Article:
It may seem that the easiest way to find the origins of fantasy literature would be to simply follow the trail of fantasy literature back in history until we get to the earliest examples of it, but that would cause some problems. For instance, when does fantasy cease to be fantasy and become legend or myth? Are we going to call Beowulf a fantasy story? Or the tales of the Greek and Egyptian gods? Or Gilgamesh? It gets kinda messy if we do that. And that's not really what we're looking for, anyway. No, we're trying to establish where our current model for fantasy writing comes from. Look back at the last post to see the list.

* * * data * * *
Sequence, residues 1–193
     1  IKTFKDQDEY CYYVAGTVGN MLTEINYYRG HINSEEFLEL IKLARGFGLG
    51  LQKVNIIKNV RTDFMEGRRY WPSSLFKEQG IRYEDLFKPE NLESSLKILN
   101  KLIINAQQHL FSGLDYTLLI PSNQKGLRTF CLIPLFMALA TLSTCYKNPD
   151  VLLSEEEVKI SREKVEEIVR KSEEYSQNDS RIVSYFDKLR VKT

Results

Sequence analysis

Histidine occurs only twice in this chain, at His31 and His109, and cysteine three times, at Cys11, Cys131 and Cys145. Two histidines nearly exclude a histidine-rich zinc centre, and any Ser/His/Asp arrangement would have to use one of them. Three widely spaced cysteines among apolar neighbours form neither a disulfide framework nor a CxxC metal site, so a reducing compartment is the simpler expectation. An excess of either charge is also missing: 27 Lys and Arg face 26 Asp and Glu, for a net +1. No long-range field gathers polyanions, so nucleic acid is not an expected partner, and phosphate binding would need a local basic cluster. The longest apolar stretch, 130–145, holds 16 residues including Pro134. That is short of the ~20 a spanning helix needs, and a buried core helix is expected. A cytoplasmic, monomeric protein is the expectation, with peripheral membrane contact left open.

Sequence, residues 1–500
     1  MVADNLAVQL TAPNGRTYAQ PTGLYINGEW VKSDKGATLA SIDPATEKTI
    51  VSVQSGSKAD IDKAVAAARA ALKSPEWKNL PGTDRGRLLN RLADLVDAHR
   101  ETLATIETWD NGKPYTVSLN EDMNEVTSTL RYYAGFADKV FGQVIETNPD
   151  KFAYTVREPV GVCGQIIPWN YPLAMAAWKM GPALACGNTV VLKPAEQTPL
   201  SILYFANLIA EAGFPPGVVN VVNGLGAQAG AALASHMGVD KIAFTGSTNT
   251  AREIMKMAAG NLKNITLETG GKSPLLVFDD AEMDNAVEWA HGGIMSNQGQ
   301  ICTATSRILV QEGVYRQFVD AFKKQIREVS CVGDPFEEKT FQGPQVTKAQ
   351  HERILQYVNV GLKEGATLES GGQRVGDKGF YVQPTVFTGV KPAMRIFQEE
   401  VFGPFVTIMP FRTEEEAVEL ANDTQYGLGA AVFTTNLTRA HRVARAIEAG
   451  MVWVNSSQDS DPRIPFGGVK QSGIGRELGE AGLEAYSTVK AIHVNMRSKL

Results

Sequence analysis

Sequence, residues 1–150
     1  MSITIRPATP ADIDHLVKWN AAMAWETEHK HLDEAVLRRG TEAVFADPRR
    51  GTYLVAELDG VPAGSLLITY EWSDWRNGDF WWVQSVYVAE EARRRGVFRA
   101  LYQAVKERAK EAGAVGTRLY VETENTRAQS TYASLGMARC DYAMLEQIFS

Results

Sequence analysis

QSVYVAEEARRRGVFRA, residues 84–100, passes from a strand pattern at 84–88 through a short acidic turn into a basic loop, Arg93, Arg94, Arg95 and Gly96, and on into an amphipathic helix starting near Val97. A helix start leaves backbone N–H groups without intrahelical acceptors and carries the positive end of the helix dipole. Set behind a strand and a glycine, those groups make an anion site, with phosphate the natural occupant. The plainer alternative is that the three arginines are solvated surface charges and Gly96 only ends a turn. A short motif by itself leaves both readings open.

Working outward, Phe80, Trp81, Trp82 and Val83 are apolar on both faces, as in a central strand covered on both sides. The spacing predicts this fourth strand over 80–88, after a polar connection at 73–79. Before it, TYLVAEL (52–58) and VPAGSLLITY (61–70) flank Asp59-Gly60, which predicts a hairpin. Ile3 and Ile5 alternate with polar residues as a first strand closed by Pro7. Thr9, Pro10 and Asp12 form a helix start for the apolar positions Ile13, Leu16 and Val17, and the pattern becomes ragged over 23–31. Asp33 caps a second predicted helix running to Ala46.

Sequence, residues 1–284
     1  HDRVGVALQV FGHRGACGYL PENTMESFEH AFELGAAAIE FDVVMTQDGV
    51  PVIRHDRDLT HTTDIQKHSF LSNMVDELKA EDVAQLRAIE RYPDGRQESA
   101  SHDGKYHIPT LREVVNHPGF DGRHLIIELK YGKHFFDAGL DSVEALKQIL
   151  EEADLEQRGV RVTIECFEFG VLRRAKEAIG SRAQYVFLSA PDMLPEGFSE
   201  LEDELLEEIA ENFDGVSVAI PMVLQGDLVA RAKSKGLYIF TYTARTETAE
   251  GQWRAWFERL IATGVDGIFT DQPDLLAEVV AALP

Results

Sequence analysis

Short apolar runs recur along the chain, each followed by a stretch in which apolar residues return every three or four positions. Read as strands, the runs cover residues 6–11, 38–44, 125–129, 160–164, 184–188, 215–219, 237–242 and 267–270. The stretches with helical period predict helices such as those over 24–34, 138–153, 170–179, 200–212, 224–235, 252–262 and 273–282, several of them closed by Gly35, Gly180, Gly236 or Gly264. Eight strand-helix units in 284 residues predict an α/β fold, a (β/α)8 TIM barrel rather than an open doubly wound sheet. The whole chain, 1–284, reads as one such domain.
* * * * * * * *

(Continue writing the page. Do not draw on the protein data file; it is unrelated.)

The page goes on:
So, although we're not going to go looking for historical beginnings, we are going to start at the beginning. Or, at least, where all fantasy stories start: the orphan boy. Sure, sure, it's not always a boy; Disney has given us plenty of girls, after all; but, when we start talking about the genre of fantasy literature, it's nearly always a boy. Or, even, outside the strict confines of fantasy. Let's take a look at some of the most popular examples (and some that I just like):
Oh! Wait! That list is over on Indie Writers Monthly, but it's a good list, so you should go on over and read it. Go see if your favorite fantasy character made the cut!